Tableau Software CEO Christian Chabot told GeekWire last month that his 2,800-person company planned to grow by another 1,000 workers in 2016 — now we know where some of those new employees will be stationed.
The fast-growing maker of data visualization software today announced that it signed a lease for 110,000 square feet of space in a building still under construction directly across the street from its current headquarters in Seattle’s Fremont neighborhood.
That’s a massive chunk of new space for Tableau, which just last summer committed to taking over the 210,000 square-foot NorthEdge building, now under construction in Fremont between N. 34th Street and N. Northlake Ave. That four-story building, which has capacity for 1,300 employees, will serve as the company’s headquarters when it opens in the second half of 2016.
The new building — located at 744 N. 34th St. on the site of the former Milstead & Co. coffee shop and Cafe Turko restaurant, both of which will return when construction is completed — provides even more elbow room for Tableau in Fremont, a quirky artistic neighborhood that locals famously refer to as “The Center of the Universe.”
The 14-year-old company also is expanding internationally, announcing today that it has opened new offices in New York and Beijing.
In addition, Tableau confirmed earlier reports and said it will also expand its Kirkland offices east of Seattle. It just inked a lease for three floors and 92,000 square feet of space in a new mixed-use development called Kirkland Urban slated to go up on Central Way near Peter Kirk Park, replacing the existing Kirkland Parkplace development where Tableau already has an office.
All told, Tableau now occupies or has inked leases at 10 buildings in the Seattle area — seven in Fremont, and three in Kirkland. The company already employs 1,200 in the region, and will add another 600 in 2016 alone.
“It’s pretty exciting,” Chabot said last month of the hiring plans. “You’re only able to do this if the business is flourishing, but if it is flourishing, then you’re able to bring in the next generation of talent.”
The growth plan is stunning for a company which started humbly with technology from Stanford University, and has called Fremont home from its earliest days in 2003. The huge expansion in the hip Fremont neighborhood is somewhat remarkable considering how the area is real estate-constrained.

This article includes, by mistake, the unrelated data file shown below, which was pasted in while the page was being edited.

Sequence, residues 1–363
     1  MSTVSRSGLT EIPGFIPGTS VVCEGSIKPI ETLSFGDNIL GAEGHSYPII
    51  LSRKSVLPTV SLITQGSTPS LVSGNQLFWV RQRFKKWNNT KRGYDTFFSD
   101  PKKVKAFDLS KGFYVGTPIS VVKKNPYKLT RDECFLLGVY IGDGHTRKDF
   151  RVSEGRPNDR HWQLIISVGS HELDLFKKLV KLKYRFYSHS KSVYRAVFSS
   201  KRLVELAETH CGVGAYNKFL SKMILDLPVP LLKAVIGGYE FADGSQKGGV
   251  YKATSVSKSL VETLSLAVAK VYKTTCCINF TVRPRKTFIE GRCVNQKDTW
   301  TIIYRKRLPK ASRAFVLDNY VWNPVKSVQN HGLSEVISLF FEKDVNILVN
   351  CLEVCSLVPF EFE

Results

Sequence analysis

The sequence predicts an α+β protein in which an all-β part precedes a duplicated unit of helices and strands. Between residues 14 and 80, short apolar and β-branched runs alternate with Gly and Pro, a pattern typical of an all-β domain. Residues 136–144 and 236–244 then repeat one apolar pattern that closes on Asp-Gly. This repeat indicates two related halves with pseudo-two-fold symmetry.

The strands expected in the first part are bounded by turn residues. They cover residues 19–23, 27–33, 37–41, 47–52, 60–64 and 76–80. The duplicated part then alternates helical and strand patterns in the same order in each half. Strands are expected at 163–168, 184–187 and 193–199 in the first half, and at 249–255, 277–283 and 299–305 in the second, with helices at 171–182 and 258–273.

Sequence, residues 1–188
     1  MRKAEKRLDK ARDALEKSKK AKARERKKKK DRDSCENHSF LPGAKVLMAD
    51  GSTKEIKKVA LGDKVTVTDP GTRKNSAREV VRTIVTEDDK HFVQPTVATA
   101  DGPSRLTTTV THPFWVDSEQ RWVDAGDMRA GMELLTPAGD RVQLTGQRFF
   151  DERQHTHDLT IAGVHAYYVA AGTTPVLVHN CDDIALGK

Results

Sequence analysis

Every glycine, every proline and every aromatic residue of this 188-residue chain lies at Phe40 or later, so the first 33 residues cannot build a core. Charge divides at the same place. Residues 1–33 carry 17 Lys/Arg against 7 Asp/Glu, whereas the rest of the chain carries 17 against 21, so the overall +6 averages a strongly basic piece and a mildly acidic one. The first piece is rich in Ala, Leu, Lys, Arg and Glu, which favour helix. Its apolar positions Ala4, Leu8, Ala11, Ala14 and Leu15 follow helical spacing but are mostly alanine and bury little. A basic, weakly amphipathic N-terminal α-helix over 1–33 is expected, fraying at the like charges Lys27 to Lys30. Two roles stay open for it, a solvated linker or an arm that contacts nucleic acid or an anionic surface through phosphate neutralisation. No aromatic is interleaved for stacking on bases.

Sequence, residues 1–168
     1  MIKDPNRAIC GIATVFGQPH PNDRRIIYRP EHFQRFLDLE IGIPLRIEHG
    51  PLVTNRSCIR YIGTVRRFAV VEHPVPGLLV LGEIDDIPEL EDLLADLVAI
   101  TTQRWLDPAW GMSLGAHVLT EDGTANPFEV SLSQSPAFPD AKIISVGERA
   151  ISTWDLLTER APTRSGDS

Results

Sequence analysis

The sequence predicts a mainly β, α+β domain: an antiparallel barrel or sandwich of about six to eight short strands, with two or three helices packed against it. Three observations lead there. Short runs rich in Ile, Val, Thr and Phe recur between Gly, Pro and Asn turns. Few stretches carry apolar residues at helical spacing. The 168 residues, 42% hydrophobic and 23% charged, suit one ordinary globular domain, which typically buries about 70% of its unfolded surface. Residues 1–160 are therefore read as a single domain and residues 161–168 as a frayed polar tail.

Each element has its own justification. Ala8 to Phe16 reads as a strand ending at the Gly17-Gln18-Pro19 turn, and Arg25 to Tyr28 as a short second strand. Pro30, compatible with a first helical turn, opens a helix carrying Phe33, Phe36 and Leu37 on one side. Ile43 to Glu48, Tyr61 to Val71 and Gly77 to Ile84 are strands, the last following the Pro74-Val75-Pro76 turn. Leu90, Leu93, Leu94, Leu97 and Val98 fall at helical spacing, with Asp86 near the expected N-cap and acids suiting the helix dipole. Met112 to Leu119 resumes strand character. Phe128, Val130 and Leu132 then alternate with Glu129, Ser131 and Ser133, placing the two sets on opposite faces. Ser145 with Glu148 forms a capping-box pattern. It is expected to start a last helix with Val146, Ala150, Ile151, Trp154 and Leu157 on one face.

In fact, the company is getting creative when it comes to its real estate expansion in Fremont — a neighborhood that boasts a statue of Lenin and hosts an annual Solstice Parade with naked bicyclists.
In 2014, Tableau took over the Sound Mind & Body gym, renovating the 50,000 square-foot building to house the company’s engineering workforce.
Chabot said that when the company’s founders originally picked Fremont as a headquarters location, “none of us were thinking of the 12-year plan.” However, they did commit to building a company in an urban location, unlike many tech giants.
“Most VC-backed high-growth tech companies are in one of these could-be-anywhere tech parks surrounded by giant parking lots with the green arrow you wait four minutes for to get out when your day is done,” Chabot said. “They have that suburban feel, with the Chevron across the street and that token corporate sandwich shop that services four office buildings.”
Chabot and his colleagues “never wanted to work like that,” the CEO noted. So, they ultimately landed in a Fremont neighborhood that’s full of quirky shops and bike trails that run along Lake Union with beautiful views of downtown Seattle.
Tableau has carried forth that commitment to opening offices in urban areas, Chabot said. The company now has 16 locations in 10 countries around the world in places like Shanghai, Singapore, Sydney, and London, where Chabot spent a majority of 2015 at the company’s UK office.
Tableau, which went public in 2013 and counts 35,000 clients worldwide, reported $170.8 million in revenue in its most recent quarterly earnings report, up 64 percent year-over-year and 8 percent more than the $158 million analysts expected. It added 3,100 new customers in the quarter and closed 296 transactions greater than $100,000. Tableau’s stock is up nearly 2 percent over the past year.